Galen, the medical pioneer of the Roman era, enjoyed a bit of pork like his fellow Romans. What is odd is that he thought it tasted of human flesh. Whether this was a hunch or whether it was knowledge from experience, I do not know. He is correct though, the cannibals of the South Sea Islands, called the various explorers and pioneers they caught and ate longpigs due to their flavour.

The pig is famed for it versatility and pretty much all the animal can be used, and it is the pig that is the focal animal in Fergus Henderson’s wonderful nose-to-tail restaurant, St John in London (check out the blog here). I’ve never managed to get there unfortunately, but one day I shall! For any nose-to-tail fans out there, the ultimate delicacy must be Pliny’s personal favourite, the vulva of a sow who had aborted her first litter, according to Maguelonne Toussaint-Samat in her amazing book A History of Food.

This dish was cooked on my recent trip to England, where Hugh somehow managed to buy a massive shoulder of pork for £1.50. Absolute bargain. He’s a good bargain-hunter; in fact, he’s known for it! I pounced upon the opportunity to roast it the Grigson way which includes baked apples as well as a glaze to go over the crackling. I imagine a sweet glaze would go down well with Texans going by this sign I spotted at the rodeo:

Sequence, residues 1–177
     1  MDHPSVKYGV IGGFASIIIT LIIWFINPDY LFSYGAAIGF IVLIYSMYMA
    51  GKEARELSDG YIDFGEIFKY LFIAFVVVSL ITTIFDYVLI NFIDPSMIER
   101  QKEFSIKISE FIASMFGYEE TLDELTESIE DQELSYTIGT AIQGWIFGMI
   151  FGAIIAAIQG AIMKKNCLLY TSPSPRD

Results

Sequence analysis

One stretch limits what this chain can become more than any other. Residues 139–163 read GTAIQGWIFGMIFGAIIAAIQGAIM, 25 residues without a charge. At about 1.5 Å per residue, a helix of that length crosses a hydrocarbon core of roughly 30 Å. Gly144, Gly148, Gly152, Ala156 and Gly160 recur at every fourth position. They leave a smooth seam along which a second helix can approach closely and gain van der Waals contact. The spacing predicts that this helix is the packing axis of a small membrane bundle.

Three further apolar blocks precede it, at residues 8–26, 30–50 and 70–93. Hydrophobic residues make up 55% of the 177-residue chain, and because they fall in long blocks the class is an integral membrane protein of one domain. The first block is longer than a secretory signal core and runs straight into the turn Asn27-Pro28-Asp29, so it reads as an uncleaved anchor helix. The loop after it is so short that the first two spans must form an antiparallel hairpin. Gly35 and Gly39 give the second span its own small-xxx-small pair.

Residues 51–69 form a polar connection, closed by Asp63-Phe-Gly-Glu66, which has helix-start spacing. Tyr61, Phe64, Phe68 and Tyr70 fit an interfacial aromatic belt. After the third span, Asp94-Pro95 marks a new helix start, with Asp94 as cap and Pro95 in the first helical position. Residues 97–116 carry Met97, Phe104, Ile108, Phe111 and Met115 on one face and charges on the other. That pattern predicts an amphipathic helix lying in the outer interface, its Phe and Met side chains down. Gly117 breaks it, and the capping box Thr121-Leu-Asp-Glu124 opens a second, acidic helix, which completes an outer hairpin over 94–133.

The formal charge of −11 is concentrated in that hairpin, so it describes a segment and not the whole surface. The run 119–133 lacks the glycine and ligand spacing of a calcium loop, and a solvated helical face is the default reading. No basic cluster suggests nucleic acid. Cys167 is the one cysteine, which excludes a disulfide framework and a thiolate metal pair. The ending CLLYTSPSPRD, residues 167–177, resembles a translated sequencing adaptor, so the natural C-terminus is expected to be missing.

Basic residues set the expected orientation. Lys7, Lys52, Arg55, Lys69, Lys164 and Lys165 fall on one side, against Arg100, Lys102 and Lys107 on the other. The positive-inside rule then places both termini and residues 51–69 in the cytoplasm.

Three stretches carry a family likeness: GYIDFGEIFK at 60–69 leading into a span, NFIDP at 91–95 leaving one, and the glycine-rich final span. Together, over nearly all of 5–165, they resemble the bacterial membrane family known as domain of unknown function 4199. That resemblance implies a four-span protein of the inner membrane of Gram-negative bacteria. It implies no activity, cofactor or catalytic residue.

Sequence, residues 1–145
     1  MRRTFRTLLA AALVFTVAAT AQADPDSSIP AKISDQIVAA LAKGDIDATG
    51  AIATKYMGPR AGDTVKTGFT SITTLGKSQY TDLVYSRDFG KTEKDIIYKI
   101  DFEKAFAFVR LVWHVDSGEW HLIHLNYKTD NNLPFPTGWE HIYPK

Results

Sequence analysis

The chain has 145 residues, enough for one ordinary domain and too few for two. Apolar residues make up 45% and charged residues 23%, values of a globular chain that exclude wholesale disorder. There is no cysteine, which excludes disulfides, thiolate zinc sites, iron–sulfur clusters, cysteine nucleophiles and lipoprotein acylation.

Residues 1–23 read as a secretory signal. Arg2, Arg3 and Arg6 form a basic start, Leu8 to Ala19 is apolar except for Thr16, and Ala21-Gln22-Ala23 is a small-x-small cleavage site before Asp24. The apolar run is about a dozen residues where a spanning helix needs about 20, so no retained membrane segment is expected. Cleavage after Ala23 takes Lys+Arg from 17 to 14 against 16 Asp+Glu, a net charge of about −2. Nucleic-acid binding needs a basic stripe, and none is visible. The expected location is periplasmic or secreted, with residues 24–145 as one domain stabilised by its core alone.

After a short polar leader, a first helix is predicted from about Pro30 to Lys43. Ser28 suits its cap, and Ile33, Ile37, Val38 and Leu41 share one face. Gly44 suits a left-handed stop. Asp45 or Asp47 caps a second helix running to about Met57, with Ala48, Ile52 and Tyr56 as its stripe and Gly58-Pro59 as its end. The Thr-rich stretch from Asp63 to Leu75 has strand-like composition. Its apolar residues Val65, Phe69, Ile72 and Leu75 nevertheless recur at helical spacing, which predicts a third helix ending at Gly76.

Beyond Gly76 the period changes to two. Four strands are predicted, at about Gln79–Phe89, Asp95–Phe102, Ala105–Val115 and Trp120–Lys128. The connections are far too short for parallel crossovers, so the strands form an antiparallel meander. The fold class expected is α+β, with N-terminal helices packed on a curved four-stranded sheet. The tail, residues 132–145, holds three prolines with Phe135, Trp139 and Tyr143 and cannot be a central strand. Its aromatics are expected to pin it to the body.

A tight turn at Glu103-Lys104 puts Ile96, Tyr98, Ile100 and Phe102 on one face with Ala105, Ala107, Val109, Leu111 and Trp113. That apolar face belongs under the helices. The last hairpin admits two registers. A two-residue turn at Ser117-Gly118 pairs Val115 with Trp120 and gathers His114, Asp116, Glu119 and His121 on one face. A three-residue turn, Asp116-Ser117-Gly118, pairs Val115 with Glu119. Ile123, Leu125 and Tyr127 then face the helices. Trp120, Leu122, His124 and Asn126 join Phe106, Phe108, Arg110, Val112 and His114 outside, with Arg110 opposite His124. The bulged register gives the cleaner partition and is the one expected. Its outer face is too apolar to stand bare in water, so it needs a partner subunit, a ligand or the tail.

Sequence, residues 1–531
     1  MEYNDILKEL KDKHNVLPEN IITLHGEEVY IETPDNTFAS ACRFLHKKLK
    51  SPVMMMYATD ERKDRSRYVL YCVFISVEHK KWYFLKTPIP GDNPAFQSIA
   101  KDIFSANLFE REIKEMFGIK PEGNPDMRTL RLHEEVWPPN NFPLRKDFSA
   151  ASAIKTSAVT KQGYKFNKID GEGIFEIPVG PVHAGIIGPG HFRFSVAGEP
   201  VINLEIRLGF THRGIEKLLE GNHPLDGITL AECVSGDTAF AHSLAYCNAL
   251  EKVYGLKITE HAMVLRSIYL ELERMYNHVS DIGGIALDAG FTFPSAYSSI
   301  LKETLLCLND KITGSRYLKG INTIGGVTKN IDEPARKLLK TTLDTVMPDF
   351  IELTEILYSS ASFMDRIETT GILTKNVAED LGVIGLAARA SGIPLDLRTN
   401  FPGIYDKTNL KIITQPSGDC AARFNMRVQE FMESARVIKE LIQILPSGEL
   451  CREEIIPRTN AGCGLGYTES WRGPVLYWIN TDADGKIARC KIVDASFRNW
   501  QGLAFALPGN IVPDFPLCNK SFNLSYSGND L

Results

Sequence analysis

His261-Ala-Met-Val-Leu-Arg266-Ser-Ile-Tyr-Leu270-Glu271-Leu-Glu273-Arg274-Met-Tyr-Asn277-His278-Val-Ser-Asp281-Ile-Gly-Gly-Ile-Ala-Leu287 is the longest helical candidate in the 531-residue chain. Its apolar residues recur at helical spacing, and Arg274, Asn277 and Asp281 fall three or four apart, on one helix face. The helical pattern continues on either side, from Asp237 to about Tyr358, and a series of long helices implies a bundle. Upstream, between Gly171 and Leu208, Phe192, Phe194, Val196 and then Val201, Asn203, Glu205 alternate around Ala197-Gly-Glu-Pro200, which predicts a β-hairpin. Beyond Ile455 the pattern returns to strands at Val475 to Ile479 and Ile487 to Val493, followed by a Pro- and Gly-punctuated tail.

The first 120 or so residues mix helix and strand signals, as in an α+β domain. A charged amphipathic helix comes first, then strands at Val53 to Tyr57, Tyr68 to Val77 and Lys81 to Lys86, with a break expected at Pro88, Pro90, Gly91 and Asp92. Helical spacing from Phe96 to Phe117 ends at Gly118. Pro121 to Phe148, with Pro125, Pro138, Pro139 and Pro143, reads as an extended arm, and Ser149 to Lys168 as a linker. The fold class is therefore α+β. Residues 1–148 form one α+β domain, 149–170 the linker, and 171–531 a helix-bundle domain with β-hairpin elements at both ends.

It’s worth mentioning that it is best to buy the largest joint you can afford, the meat will be much more moist and tender in a large joint than a small one. This particularly applies to pork that benefits from a good blast of heat and then a slower roast on a lower hear than say, beef.

As mentioned I used shoulder here, but you can use leg or loin. If the meat has a bone in it, ask the butcher to remove it but ask to keep it. Also ask him to score the rind, every centimetre or so. You can do it yourself with a razor-blade. Make sure that the rind is nice and dry and season the joint all over. You can, leave it overnight in the brine tub, but if you do this, you won’t get the crackling. Seeing that the crackling is the best bit, I wouldn’t recommend it. If you have bones, pop them in a saucepan with a chopped carrot, a peeled onion studded with three cloves and a bouquet garni. Cover with water and allow it to simmer for three or four hours. Strain and reduce to ¾ of a pint. If there was no bone, use some pork or vegetable stock and simmer for just an hour.

Heat the oven to 220°C (425°F) and rub the skin of the joint with some oil and sprinkle with some salt. Cook for 35 minutes to the pound (1 ¼ hours to the kilo). Place in the oven and turn the temperature down after 20 minutes to 160°C (325°F). An hour before the end of the cooking time, prepare the apples. You need one per person, and use Cox’s Orange Pippins if in season. If not, use Braeburn or Mackintosh. Score a circle close to the tops of the apples, to prevent the skins bursting and nestle them around the joint. If you don’t want baked apples make an apple sauce.